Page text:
This application addresses the urgent need for more and better evidence on the appropriate selection, implementation and use of electronic health (eHealth) systems to support the care of HIV patients in developing countries. eHealth system including electronic medical records (EMRs) are potentially powerful instruments to strengthen health systems, to improve access to and quality of care, and reduce costs. While these technologies show great promise in countries whose health systems face severe financial, infrastructural, technical and human resource constraints, key questions remain for decision makers: (1) How can eHealth facilitate scale up of health initiatives in resource poor environments? (2) How can such systems be more effectively developed, and implemented to ensure high quality information for clinical and programmatic use? (3) Have the large investments in eHealth in resource-poor environments demonstrated clinical impacts such as improving HIV patient outcomes? (4) What are the short term and long term costs of implementing such systems and how can their sustainability be improved? While eHealth is proliferating in resource poor environments, often for HIV care supported by large investments from agencies including PEPFAR, data on their implementation, clinical impact and costs is very sparse. Countries like Rwanda and Kenya whose eHealth plans call for national rollouts of EMRs critically need evidence from rigorous, and generalizable studies. The core issue being addressed in this study is: What is the benefit of using an eHealth system to collect and manage clinical data at clinics that are often in remote sites with limited staff, and infrastructure? It builds on a critical opportunity to assess an open source EMR system, OpenMRS, that is being adapted by a technical team from the Rwandan MOH, and rolled out to several hundred clinics. With 11 sites implemented to date, this is the ideal time to perform a randomized controlled trial with 50 or more sites randomized to receive the system early or late. We will address three related questions: how to optimize systems and ensure they are stable, usable and used, what are the impacts on clinical processes and outcomes, and what are the costs of deploying and sustaining such systems? Clinical indicators will include mean CD4 count and viral load, activities such as ordering of laboratory tests, and rate of loss to follow up of pre-ART patients. The results should inform policy and care in many countries for HIV and other diseases. We will also create a training course in eHealth evaluation at the National University of Rwanda School of Public Health, training evaluators to take a lead in designing and carrying out studies.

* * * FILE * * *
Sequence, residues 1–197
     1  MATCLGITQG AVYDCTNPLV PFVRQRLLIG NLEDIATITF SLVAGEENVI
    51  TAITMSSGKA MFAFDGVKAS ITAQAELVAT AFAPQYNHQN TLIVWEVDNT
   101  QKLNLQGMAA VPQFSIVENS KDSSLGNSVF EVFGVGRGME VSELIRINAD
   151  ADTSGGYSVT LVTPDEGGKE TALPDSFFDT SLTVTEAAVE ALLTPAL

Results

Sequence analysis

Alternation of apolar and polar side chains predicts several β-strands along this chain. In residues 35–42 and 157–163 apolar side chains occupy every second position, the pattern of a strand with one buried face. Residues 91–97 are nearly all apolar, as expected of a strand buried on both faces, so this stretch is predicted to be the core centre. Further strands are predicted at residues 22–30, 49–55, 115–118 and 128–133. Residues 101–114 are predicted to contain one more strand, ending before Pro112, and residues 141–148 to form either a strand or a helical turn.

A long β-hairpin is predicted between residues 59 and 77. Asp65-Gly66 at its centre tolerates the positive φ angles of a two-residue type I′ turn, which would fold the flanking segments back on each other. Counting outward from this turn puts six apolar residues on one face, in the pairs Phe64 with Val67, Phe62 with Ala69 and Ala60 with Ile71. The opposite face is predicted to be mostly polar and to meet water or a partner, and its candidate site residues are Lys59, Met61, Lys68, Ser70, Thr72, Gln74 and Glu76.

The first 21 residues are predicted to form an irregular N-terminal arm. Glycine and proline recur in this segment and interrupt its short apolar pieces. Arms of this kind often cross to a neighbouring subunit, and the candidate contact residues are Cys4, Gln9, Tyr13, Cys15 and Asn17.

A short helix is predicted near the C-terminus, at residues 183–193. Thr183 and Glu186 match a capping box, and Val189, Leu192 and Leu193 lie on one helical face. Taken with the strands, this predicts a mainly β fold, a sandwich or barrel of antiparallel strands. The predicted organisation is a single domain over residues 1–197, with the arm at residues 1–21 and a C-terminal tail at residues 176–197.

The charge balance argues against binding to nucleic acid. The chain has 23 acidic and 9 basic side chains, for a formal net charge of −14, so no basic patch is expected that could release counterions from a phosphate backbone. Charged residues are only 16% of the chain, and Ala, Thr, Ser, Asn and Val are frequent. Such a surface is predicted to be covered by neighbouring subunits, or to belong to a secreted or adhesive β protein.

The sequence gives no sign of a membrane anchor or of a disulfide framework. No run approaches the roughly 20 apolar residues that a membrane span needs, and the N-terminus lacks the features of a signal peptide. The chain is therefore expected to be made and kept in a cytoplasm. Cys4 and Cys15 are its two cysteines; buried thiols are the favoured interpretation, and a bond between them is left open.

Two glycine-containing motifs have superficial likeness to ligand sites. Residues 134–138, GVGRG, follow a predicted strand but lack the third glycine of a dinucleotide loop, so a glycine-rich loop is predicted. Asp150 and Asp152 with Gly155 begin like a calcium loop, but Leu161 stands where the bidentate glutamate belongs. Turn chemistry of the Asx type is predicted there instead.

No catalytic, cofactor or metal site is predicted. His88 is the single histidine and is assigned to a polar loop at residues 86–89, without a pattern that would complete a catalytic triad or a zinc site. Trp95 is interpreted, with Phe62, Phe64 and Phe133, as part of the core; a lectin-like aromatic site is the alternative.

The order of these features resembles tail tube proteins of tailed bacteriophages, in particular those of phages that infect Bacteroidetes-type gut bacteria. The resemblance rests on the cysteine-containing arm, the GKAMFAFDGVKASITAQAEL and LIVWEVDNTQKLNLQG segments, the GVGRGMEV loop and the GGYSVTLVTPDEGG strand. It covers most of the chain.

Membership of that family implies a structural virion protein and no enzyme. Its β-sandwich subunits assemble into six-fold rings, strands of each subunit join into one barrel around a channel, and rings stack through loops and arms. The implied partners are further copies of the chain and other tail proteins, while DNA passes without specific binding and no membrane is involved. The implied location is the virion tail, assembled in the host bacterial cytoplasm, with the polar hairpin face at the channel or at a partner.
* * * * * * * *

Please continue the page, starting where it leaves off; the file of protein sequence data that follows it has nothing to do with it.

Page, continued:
This project addresses a key question in the scale up of HIV treatment in resources poor environments: what is the role of Electronic Health (eHealth) systems in improving quality and access to care. While large investments have been made in such systems by PEPFAR, governments and other agencies very little evidence exists to inform policy makers. We propose to carry out a randomized, controlled trial of the rollout by the Rwandan MOH of the OpenMRS open source EMR system to several hundred clinics. We will randomize 50 or more clinics to early and late implementation and measure three key aspects: how to optimize and maintain the systems, what the clinical impact is, and the short and long term costs. We will also create a training program in eHealth evaluation at the National University of Rwanda School of Public Health.